Chimayo and the Bloody Knees of Jesus

56521694_33e573d4a0_z“I want a holy experience!” I say to my companions, Amy and Danielle, leaning toward them in the cafeteria of St. John’s College in Santa Fe. We are all spending a week away from our children and husbands at the Glen Workshop to get some time to write and explore the area.

They seem mildly amused by my outburst, possibly because they are used to my naive, idealistic longing for a mystical encounter. We continue discussing a place called Chimayo—about a forty-five minute drive away—that is supposed to have holy dust.

Ooh, holy dust, I think. I want to touch it. I want to feel the holy. [Read more…]

Sitting Together: A Week at the Glen Workshop

14066373_10206865453981792_9089818213749029625_oI’m an introvert who loves to talk, an often confusing combination that can leave me drained in spite of myself, or perplex my friends when I suddenly slink off after an hour of raucous guffawing.

But I just spent a week in Santa Fe at the Glen Workshop, a gathering of writers, artists, and musicians who meet at St. John’s College every summer to hone their craft, eat and worship together, and listen to some of the world’s most inspiring creative people share their work. And it was there that I experienced several moments of healing and energizing silence.

Coming of age in evangelicalism, I heard Jesus’s words, “where two or three are gathered in my name, there am I among them,” quite a bit. But those words often evoked images of Bible studies, group prayer, worship services, or other intentional, structured activities designed to move me from point A to point B on the spiritual growth chart.

It never occurred to me then, that sometimes just sitting together can fill us with the Holy Spirit more than a flashy program. [Read more…]

Barry Moser: I Knew I was Home, Part 2

glenGuest post by Barry Moser

The following post, continued from yesterday, is adapted from a talk given at the 2014 Glen Workshop in Santa Fe, New Mexico.

A few years after my first Glen, the drawing class convened once again. One of the members of that class was a woman from Florida named Patricia Oetting, a registered nurse.

She had never drawn before, and obviously had never had the experience of drawing from live models. But she was game and was taking my instruction with seriousness and the mandatory good humor. And she was getting a real kick out of the fact that she had worked with naked patients most of her life, and knew the anatomy of the human body quite well—better than I, but had never actually looked at a naked person in such an honest, forthright, and casual way. [Read more…]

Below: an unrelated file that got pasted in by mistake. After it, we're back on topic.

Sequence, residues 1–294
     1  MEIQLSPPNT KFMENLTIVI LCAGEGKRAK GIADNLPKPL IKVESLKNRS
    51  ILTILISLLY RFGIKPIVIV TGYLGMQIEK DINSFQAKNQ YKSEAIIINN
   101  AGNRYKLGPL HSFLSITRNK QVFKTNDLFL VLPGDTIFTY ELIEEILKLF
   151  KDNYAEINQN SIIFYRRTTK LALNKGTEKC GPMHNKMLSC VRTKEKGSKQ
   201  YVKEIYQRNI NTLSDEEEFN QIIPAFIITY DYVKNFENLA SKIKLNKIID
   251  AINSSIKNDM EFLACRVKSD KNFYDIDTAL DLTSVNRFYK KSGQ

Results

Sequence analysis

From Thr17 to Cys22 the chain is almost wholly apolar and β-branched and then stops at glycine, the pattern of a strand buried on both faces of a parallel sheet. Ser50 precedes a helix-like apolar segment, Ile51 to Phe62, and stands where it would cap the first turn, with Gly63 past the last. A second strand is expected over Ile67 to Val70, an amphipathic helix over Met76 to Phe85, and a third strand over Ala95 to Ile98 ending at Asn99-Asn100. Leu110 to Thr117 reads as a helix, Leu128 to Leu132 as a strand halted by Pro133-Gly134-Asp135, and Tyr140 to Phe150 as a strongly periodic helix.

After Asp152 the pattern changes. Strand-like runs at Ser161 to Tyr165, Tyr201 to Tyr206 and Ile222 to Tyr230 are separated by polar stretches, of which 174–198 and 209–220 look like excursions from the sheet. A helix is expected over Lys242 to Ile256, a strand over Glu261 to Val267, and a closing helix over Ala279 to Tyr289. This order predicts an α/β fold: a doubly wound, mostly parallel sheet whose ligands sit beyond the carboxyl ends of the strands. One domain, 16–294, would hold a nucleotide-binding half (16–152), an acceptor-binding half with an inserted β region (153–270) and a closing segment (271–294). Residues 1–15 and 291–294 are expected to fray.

Barry Moser: I Knew I was Home, Part 1

barryGuest post by Barry Moser

The following post is adapted from a talk given at the 2014 Glen Workshop in Santa Fe, New Mexico.

Ten years ago, Greg Wolfe asked me to teach drawing out here at Glen West. I was an admirer of Image journal but I nevertheless looked into the Glen West workshops before accepting the invitation. And while I found nothing remotely off-putting, I was, nevertheless, shall I say, hesitant.

I spent the better part of three years as a fundamentalist Methodist preacher—licensed, not ordained—while I was in college. I was a resolute Biblical inerrantist when it came to the Bible (King James, of course), and I was certain that I was right, by God, and anybody who did not believe the way I did was gonna suffer in the eternal fires of Hell.

That juggernaut was going along well enough when a girl in my youth group got pregnant.

And you know what happened? [Read more…]

The Ardent Whisper of God

12glenGuest post by A.N. Muia

The following post is adapted from a talk given at the 2014 Glen Workshop in Santa Fe, New Mexico.

I came to the Glen Workshop while on sabbatical. For fourteen years, I’ve served as a minister to Mexican migrant workers, jail inmates, and addicts at the ministry of Tierra Nueva in Washington State.

The sabbatical was my chance to finally focus on writing, a lifelong passion that had gone dormant during the busy years of ministry. My inner voices told me that it was difficult to justify writing fiction when people are struggling and dying from addiction. Ministry updates became my primary genre. And testimonies. And grants.

But a novel about Baja California—a world of colonial missions, priests, soldiers, indigenous, pearl divers and saint-makers, the roguish and the devoted—lay dying in my drawer. [Read more…]